US3097343A - Transistor distributed amplifier - Google Patents

Transistor distributed amplifier Download PDF

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Publication number
US3097343A
US3097343A US7220260A US3097343A US 3097343 A US3097343 A US 3097343A US 7220260 A US7220260 A US 7220260A US 3097343 A US3097343 A US 3097343A
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line
filter
output
input
connected
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Sosin Boleslaw Marian
Gerard Roger Edwin John
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BAE Systems Electronics Ltd
Marconis Wireless Telegraph Co Ltd
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BAE Systems Electronics Ltd
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    • HELECTRICITY
    • H03BASIC ELECTRONIC CIRCUITRY
    • H03FAMPLIFIERS
    • H03F1/00Details of amplifiers with only discharge tubes, only semiconductor devices or only unspecified devices as amplifying elements
    • H03F1/08Modifications of amplifiers to reduce detrimental influences of internal impedances of amplifying elements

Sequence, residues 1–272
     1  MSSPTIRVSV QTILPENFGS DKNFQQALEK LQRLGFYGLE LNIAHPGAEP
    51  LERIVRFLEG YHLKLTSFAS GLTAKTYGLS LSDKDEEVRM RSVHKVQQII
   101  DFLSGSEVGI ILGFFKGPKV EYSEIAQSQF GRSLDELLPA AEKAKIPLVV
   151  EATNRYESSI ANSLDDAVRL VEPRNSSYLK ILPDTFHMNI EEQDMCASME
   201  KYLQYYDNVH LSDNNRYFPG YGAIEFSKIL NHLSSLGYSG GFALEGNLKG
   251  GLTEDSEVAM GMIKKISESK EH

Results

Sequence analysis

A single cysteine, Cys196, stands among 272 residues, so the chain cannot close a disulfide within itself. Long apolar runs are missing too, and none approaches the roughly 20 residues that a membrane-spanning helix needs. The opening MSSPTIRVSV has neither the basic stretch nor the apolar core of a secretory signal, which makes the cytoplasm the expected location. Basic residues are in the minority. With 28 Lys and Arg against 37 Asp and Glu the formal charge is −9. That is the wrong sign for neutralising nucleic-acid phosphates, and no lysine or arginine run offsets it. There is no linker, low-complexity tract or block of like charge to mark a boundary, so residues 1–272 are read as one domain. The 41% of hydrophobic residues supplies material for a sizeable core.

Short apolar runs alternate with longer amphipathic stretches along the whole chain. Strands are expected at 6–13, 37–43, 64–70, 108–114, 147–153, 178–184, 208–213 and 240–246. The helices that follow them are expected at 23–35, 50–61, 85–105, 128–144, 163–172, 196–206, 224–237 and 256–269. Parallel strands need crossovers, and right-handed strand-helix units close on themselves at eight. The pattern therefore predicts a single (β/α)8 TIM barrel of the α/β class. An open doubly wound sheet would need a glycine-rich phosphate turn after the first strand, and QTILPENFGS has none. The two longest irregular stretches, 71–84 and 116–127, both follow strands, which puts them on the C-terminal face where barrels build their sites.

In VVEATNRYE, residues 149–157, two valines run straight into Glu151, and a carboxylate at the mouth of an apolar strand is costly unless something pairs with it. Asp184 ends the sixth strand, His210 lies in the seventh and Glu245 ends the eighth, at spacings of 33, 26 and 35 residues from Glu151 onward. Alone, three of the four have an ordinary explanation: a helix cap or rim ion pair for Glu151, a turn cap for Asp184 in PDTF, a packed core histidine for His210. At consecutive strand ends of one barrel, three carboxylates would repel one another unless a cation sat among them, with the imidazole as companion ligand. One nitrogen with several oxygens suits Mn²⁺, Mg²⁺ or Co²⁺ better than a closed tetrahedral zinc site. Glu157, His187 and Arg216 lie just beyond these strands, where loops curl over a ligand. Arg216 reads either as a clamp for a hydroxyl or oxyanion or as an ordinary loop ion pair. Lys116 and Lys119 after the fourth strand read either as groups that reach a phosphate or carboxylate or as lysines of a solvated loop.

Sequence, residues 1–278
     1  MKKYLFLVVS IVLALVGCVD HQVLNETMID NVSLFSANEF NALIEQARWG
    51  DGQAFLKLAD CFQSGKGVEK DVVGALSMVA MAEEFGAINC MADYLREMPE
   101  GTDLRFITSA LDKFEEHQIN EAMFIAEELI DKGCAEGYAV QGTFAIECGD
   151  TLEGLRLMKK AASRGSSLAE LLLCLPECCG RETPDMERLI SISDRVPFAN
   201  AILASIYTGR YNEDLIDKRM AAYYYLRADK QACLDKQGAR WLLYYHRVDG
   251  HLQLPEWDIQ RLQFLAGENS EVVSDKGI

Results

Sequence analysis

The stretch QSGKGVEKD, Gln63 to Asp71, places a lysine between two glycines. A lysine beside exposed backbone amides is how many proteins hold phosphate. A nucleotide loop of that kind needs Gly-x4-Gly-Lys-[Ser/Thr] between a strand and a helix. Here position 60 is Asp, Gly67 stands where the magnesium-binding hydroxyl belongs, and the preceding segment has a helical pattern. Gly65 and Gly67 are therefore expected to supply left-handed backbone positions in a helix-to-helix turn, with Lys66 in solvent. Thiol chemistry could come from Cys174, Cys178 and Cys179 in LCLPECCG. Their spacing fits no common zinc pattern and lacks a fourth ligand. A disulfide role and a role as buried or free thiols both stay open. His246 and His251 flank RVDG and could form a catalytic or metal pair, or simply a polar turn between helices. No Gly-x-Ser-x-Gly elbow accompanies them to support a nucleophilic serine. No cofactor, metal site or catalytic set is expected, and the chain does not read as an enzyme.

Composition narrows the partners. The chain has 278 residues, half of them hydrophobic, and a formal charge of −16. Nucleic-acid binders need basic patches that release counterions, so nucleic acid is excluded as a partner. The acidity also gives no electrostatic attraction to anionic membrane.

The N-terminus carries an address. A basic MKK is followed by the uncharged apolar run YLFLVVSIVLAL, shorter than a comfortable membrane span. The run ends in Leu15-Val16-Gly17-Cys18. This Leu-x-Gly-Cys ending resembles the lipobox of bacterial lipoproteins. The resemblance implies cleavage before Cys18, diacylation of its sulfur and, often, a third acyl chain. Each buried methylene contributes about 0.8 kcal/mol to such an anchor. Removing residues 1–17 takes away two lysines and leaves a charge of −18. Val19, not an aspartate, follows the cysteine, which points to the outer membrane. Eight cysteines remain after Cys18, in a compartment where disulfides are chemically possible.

• H03F1/18Modifications of amplifiers to reduce detrimental influences of internal impedances of amplifying elements by use of distributed coupling, i.e. distributed amplifiers

Description

July 9, 1963 B. MfsosIN ETAL 3,097,343

TRANSISTOR DISTRIBUTED AMPLIFIER Filed NOV. 28, 1960 2y MM2 AT1-91N EYS United Stats 'Ihis invention relates to wide band amplifiers and more particularly to such amplifiers of the kind known as distributed amplifiers, i.e. amplifiers in which a plurality of amplifying devices are so connected that their output electrode capacities form, at least in part, shunt arms of an output filter line or chain, while their input electrodes are fed in such phase relative to one another with input signals from an input filter line that the amplified signals from all the devices add in phase at the output.

Distributed amplifiers using vacuum tubes are, of

course, well known but there -are obvious advantages to be gained by replacing vacuum tubes by transistors due to their lower power requirements, weight and bulk. However, vacuum tubes cannot be directly replaced by transistors in a distributed amplifier as the transistors, being low Voltage, high current devices as `opposed to vacuum tubes which are high voltage, low current devices, would so load the input filter line as to render their use impracticable.

It is the object of the present invention to provide transistor distributed amplifiers in which the above mentioned difficulty is overcome.